In southern Florida, the similarities between adult Cx. coronator and Cx. bahamensis Dyar and Knab adults make it difficult to differentiate these species when scales and notable characteristics are missing. Both species are medium sized, brown and white scaled, and have basal abdominal banding as well as pale banding on the hind tarsi; the tarsal banding being an uncommon characteristic in South Florida's Culex species. Culex coronator has a medial patch of pale scales on the underside of the proboscis, distinct from the complete medial pale band seen on the proboscis of Cx. bahamensis. Tarsal banding and ventral abdominal scale patterns were used as additional identifiers as described by Darsie and Ward (2005) and Burkett-Cadena (2013) when possible. Since Cx. bahamensis has been a common species in FKMCD adult surveillance trap data for years, it is unknown whether the resemblance to Cx. bahamensis has been overlooked in the past, or if Cx. coronator has only recently been introduced into the Florida Keys.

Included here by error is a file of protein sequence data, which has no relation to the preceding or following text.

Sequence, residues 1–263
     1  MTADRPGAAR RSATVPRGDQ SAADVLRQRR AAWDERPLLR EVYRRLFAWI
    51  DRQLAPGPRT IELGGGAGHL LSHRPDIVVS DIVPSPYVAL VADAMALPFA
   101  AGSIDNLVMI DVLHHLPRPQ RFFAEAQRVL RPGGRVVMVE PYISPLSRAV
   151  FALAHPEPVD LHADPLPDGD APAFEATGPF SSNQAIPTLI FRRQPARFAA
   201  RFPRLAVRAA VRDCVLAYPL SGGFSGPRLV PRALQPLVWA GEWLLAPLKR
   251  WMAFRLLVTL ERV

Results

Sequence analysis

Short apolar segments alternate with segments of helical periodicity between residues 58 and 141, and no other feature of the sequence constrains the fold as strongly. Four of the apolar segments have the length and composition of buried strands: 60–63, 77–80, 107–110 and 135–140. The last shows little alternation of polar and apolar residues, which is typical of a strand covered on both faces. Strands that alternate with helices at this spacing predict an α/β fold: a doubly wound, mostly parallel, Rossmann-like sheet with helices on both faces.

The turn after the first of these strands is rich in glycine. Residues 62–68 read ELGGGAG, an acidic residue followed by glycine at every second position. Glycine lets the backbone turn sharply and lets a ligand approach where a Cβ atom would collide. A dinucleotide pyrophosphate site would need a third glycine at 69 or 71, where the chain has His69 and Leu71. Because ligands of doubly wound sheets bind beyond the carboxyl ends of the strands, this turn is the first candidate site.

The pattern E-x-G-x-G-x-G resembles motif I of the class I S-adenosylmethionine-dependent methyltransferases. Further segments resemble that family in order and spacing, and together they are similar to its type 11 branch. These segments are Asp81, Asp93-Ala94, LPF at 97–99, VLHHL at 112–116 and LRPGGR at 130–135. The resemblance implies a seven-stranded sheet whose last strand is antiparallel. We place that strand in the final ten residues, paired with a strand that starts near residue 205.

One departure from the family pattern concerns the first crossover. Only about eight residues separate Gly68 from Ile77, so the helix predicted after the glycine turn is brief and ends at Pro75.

One adult female specimen was initially collected on Upper Matecumbe Key, FL (24.921828°N, 80.628787°W), in a CDC CO2-baited light trap on July 21, 2021, along with Aedes taeniorhynchus Weid., Ae. aegypti (L.), Ae. tortilis Theobald, Cx. bahamensis, Cx. nigripalpus Theobald, Deinocerites cancer Theobald, and Wyeomyia vanduzeei Dyar and Knab in a tidal black mangrove swamp, spotted with solution holes and man-made mosquito ditches that remain inundated most of the year. A 2nd female specimen was collected by a CDC CO2-baited light trap on Windley Key, FL (24.950092°N, 80.596527°W), on July 28, 2021, at the Windley Key Fossil Reef Geological State Park, a former limestone quarry. This site is characterized by tidal black mangrove (Avicenna germinans L.) swamps, solution holes, and rock holes as well as red mangrove (Rhizophora mangle L.) swamps nearby. Species collected with Cx. coronator included Ae. taeniorhynchus, Ae. tortilis, Anopheles atropos Dyar and Knab, Cx. bahamensis, Cx. quinquefasciatus Say, Cx. nigripalpus, and De. cancer.